2017 Reading Challenge 

I started a new list and challenge this year, borrowed from something I saw on Facebook – read 26 books this year, satisfying a list of criteria designed to keep the list diverse and encourage exploring new styles, genres, etc.  With a few friends, we came up with our own version of the list, and started in early January. Since the challenge requires writing a little blurb about each completed book, I thought I’d add my summaries to my blog. I’ve completed 3 so far (so right on schedule), so a few quick blog posts will follow.

The list is below. Any suggestions for additional categories?

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2017 Reading Challenge (RSJ style)
1. A book you read in school (high school or university).
2. A book you were supposed to read in school, but didn’t.
3. A book published before 1900.
4. A book published in 2016.
5. A book published when you were half the age you will be in 2017.
6. A non-fiction book.
7. A book written by a male author.
8. A book written by a female author.
9. A book that is (or is becoming) a film.
10. A book of non-fiction essays.
11. A book set in your hometown or province.
12. A book set in or near where you now live.
13. A book set somewhere you’ve never been.
14. A book with someone’s name in the title.
15. A book with a number in the title.
16. A book with a colour in the title.
17. A book with a place name in the title.
18. A book of short stories.
19. A book you can finish in a day.
20. A book with a one-word title.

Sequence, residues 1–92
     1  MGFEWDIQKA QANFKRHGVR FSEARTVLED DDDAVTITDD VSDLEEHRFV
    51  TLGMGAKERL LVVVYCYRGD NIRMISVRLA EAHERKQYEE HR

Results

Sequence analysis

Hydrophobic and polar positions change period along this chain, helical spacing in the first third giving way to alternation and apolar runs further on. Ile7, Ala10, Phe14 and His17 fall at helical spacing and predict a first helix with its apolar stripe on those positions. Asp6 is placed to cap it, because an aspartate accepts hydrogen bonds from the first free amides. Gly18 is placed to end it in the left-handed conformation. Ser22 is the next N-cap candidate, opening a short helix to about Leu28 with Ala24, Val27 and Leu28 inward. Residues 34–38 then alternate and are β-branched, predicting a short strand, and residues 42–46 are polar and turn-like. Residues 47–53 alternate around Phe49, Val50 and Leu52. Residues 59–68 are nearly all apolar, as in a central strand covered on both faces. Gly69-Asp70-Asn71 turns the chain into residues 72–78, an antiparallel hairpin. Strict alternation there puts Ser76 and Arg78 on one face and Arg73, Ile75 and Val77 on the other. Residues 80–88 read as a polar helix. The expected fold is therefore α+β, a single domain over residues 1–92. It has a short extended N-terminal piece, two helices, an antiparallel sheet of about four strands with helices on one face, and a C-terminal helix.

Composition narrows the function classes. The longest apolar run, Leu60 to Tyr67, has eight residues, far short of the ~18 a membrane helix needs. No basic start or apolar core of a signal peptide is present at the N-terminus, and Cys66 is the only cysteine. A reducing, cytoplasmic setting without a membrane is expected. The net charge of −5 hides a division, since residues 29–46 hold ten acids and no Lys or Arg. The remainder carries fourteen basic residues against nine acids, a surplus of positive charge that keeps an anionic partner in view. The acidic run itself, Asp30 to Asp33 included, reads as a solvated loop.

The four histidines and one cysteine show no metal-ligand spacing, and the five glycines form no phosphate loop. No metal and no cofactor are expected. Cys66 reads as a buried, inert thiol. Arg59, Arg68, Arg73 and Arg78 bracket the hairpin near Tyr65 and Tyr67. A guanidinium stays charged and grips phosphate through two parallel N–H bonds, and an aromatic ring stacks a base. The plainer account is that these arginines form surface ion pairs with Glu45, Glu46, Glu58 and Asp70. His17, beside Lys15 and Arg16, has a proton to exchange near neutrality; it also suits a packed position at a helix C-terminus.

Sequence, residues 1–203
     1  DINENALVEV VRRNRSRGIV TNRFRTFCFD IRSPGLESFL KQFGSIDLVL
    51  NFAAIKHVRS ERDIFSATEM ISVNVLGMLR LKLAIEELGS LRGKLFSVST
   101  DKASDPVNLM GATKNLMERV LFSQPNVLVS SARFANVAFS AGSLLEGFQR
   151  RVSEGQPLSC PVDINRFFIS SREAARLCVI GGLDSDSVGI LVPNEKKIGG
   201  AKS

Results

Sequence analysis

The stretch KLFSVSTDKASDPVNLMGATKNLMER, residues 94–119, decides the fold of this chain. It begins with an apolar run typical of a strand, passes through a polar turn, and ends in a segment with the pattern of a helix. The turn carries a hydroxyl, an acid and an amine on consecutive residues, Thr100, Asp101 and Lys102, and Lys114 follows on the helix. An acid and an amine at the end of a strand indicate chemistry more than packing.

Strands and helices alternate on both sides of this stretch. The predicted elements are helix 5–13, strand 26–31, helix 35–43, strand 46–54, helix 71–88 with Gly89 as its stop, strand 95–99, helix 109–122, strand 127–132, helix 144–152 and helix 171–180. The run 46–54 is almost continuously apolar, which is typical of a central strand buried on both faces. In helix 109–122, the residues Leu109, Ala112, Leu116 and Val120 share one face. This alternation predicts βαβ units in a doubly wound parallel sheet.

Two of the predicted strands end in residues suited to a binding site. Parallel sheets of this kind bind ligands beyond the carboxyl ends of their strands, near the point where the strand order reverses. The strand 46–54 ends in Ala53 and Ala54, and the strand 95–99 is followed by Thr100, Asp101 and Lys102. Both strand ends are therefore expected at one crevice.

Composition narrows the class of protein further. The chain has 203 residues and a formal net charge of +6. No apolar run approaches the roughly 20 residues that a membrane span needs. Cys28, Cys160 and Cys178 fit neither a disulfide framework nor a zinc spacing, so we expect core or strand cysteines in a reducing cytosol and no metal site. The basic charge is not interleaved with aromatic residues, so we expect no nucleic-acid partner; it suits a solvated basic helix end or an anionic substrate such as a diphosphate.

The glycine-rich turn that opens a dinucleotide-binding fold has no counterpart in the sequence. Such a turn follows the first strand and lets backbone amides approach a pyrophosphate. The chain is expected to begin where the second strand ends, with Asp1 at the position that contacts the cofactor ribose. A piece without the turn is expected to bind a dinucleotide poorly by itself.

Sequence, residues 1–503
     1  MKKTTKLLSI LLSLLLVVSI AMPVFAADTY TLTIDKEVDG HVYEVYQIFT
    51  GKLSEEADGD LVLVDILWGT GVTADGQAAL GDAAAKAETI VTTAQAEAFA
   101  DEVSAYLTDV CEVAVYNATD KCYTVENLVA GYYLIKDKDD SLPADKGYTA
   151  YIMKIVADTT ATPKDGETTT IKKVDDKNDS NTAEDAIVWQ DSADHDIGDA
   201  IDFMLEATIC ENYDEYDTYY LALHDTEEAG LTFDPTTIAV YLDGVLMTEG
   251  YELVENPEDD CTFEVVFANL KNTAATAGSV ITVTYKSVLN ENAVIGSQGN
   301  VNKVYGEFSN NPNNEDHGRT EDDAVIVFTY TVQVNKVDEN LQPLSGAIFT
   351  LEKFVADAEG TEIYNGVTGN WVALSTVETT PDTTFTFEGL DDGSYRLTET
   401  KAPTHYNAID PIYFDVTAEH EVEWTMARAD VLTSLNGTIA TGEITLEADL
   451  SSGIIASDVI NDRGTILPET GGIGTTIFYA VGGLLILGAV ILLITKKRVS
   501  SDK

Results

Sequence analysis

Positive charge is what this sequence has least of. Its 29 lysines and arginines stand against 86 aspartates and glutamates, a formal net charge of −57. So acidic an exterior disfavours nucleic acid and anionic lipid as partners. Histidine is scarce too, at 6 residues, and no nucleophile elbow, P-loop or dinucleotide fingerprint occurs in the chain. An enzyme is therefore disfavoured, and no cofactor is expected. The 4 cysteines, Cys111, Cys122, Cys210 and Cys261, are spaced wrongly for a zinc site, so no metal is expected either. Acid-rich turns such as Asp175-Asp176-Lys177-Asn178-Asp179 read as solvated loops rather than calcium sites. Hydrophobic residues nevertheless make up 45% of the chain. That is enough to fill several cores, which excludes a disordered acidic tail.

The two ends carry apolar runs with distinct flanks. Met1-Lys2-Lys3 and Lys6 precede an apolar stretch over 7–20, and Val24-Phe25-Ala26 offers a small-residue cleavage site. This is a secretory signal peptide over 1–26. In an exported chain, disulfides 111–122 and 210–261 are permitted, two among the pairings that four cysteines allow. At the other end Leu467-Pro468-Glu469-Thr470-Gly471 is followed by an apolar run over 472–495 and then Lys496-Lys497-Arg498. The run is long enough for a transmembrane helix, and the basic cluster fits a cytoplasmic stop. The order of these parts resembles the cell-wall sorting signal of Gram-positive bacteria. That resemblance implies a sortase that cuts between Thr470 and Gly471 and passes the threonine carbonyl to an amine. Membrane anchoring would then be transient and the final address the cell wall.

21. A book translated from (or in) another language.
22. A book of poetry.
23. A memoir, journal or book of letters.
24. A book written by someone younger than you.
25. A book about food or cooking (not a cookbook, although it can include recipes).
26. A book by an author whom you’ve never read.

General guidelines:
• No more than four books can be ones you’ve read before.
• You can reassign a book from one category to another throughout the year. As your reading progresses, you may decide that your number 7 book would be better as your number 15 book, as you’ve found another male author you’d like to read.
• After completing a book, the reader should email the others with a very brief synopsis and review. This may help others seeking that elusive book-of-poetry-they-can-get-through.

9 thoughts on “2017 Reading Challenge 

  1. Pingback: Book report #21 * (2017) | rclr

  2. Pingback: Book report #20* (2017) | rclr

  3. Pingback: Book report #19* (2017) | rclr

  4. Pingback: Book report #18* (2017) | rclr

  5. Pingback: Book report #17* (2017) | rclr

  6. Pingback: Book report (formerly) #17* (2017) | rclr

  7. Pingback: 2020 Reading Challenge – rclr

  8. Pingback: 2018 Reading Challenge | rclr

  9. Pingback: Book report #26 | rclr

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